The panel featured:

  • Dr. Jamie M. Morin, Vice President, Defense Systems Operations, Aerospace Corporation
  • Joshua Huminski, NSI Visiting Fellow and Director, Mike Rogers Center for Intelligence & Global Affairs
  • Karen L. Jones, Senior Project Leader, Center for Space Policy and Strategy, Aerospace Corporation
  • Moderated by Jamil N. Jaffer, Founder and Executive Director, National Security Institute

 

NatSec Nightcap with Michael Morell

 

 

Michael Morell, Former Acting and Deputy Director of the CIA, joined NSI Founder & Executive Director Jamil Jaffer on June 25 for the fifth event in our NatSec Nightcap webinar series.  Mr. Morell discussed a variety of evolving global security threats, such as competition with China, Russia’s disinformation campaigns and a resurgent Islamic, to argue that the national security challenges facing the next president of the United States are greater than those faced by any president in the last century.

On Tuesday, July 7 from 5:00 – 6:00 PM ET, Lisa Monaco, NSI Advisory Board member and former White House Homeland Security and Counterterrorism Advisor, will join us on the next installment in our NatSec Nightcap series.  An expert on counterterrorism and cyber policy and strategy, Ms. Monaco will discuss national security priorities – from pandemics to terrorism to an independent Justice Department – explore U.S. preparedness to address these critical challenges.  To register for this event, please click here.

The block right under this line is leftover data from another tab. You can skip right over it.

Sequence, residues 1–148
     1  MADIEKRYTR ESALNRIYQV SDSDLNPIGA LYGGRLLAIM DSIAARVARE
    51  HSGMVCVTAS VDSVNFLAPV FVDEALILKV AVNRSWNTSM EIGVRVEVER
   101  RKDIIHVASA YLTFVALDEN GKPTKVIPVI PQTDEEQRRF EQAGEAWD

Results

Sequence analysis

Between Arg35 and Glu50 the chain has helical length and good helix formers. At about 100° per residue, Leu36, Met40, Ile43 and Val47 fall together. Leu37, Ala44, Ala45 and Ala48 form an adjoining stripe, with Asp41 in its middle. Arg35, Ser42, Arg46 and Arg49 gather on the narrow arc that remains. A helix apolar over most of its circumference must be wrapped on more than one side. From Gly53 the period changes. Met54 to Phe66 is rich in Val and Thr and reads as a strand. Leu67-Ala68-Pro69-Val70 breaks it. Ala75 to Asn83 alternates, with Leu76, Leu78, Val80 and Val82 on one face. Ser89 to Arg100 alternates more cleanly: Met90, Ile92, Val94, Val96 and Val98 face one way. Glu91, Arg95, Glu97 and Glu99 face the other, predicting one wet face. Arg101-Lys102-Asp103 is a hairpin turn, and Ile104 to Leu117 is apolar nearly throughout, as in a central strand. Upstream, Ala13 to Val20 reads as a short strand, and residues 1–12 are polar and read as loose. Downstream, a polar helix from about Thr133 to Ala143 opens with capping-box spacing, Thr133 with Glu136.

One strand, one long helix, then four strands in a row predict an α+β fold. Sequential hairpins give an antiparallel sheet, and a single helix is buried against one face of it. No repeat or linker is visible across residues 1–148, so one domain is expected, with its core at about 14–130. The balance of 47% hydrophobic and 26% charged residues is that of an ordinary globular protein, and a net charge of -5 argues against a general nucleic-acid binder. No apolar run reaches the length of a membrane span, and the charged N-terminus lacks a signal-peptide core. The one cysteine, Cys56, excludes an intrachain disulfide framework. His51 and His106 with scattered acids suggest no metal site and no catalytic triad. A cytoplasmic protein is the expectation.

Past speakers in this series include NSI Advisory Board member Gen. Keith Alexander (Ret.), Rep. Will Hurd (TX-23), former Director of National Intelligence James Clapper and former Senator Saxby Chambliss.  NSI’s NatSec Nightcap webinar series provides important conversations to a diverse audience and provides an engaging virtual alternative while our in-person programming is suspended.

To learn more about NatSec Nightcap, view our upcoming speakers, and register for these events, please visit our website.

 

Fault Lines: Systemic Racism and National Security

In This Episode: “My hope is that it’s not a moment.  It’s a movement.”

Fault Lines welcomes Bishop Garrison, Director of National Security Outreach at Human Rights First and co-Founder and President of the Joseph Rainey Center for Public Policy. Where do the diversity problems in national security come from? Why are some military bases named after confederate officers? How can individuals and organizations promote a more diverse and inclusive national security community? Bishop and Fault Lines Guest Host Jamil Jaffer, answer these questions and many more!

 

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July 10 – Inside the Cyberspace Solarium Commission Event

 

Virtual
July 10, 2020 | 1:00 PM ET

 

 

On March 11th, the Cyberspace Solarium Commission produced a report which covered topics from encryption to education and liability to deterrence and included over 24 key recommendations as well as dozens of enabling recommendations. Join us for a conversation with the staff of the cyberspace solarium commission about how the commission’s report came together, the recommendations in the report,  and the future chances of implementation of those recommendations.